Monday November 5, 2012: I Want My V-O-T-E!!!!

By Sylvia Gurinsky

The anger felt at the stymieing of early voting by Florida's undemocratic brick wall named Rick Scott illustrates that a lot of people are finding their constitutional right very important this year. (Let's hope they find it just as important in 2014, when they have a chance to throw Generalissimo Scott out of the governor's mansion.)

It's also illustrated in the efforts in New York and New Jersey to make sure that those affected by Hurricane Sandy have the ability to cast votes, even if their polling places were damaged or destroyed.

There's no question about what's at stake, on all levels, in every part of the ballot. A presidential election whose candidates present two very different paths. The same with a congressional election. A legislative election that presents an opportunity to make a dent in Florida's one-party rule. A list of amendments that threaten to strip Floridians of basic freedoms.

And local races, resulting in the first line of defense - or despair - for voters.

Yes, it's a long ballot, no matter where you live. Yes, it takes a long time to get through. And yes, lines to vote will still be long tomorrow.

But it is an important constitutional right. Think about people all over the world who have stood for hours in line to get the chance to use that right for the first time.

And use it tomorrow.

Wednesday, October 31, 2012

Wednesday October 31, 2012: Remembering What We Do

By Sylvia Gurinsky

It took a hurricane.

Late last week, as Hurricane Sandy was headed toward the northeastern United States, the country looked as if it was headed toward a repeat of the contentious 2000 presidential election.

That still might be the case. But because of Sandy's damage in the eastern U.S., passions have been tempered a bit, for now.

New Jersey Gov. Chris Christie has been a loyal campaigner for former Massachusetts Gov. Mitt Romney, the Republican presidential nominee. But Christie's main priority now is getting his state rebuilt and New Jersey's citizens into safe situations - regardless of the source. That source is currently President Barack Obama and the federal government.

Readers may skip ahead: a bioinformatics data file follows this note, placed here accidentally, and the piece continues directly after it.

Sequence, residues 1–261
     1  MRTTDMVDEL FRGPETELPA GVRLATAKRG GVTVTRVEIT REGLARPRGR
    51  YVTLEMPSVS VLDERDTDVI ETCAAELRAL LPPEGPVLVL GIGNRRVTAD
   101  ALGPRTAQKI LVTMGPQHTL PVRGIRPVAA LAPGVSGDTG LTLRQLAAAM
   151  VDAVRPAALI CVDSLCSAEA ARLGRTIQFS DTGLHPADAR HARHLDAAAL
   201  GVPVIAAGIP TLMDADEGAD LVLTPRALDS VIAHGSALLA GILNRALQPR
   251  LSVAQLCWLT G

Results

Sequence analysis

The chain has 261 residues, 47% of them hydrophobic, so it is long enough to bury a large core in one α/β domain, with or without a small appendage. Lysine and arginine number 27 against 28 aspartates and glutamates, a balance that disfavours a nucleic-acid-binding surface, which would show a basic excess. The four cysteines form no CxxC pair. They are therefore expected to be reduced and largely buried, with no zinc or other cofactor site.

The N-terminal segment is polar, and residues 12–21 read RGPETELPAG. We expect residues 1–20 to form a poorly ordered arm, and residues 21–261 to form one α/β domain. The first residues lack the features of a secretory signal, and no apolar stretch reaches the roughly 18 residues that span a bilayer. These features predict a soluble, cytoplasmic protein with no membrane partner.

They are working together toward that goal, as will representatives of New York, Connecticut, West Virginia and other states affected by Sandy.

It is what Americans of all stripes will do as they donate money and resources to help those affected by the storm.

In remarks delivered just a few minutes ago, Obama mentioned Americans pulling together to help others. "It's what we do," he said.

Indeed. And while it's a tragedy that it took a hurricane to do it, Americans remembered that we are one nation.

Wednesday, October 24, 2012

Wednesday October 24, 2012: Letter - And Request - From A Marlins Fan

Dear South Florida,

I've been a Marlins fan since July 5, 1991 - the day Major League Baseball officially awarded a franchise to South Florida. I'm part of a family with four generations of Marlins fans, with enough invested energy to have the right to speak out.

I've watched the star-crossed history of this team - the tragedy of its first president, Carl Barger, dying at the 1992 baseball winter meetings, the tragi-comedy of Wayne Huizenga's sell-off of the 1997 world champions, Jeb Bush's "no" to John Henry's efforts to secure financing for a stadium site, Bud Selig's complicity in the mess (including the yanking of the 2000 All Star Game)  and the machinations that resulted in the current Laurel-and-Hardy administration of the Marlins by Jeffrey Loria and David Samson - culminating in this year's disaster.

While Larry Beinfest did engineer trades for Dontrelle Willis and Juan Pierre, Dave Dombrowski - whose Tigers (including former Marlins Miguel Cabrera and Anibal Sanchez) are headed to another World Series - gets a lion's share of the credit for building the Marlins team that won the Series in 2003.

Any hopes for Marlins fans since then have been inevitably crushed. Joe Girardi led a young team to an overachieving 2006 season and won the National League Manager of the Year Award. But he insulted King Jeffrey the First by disagreeing with him, and all Girardi has done is take the New York Yankees to the postseason most years since.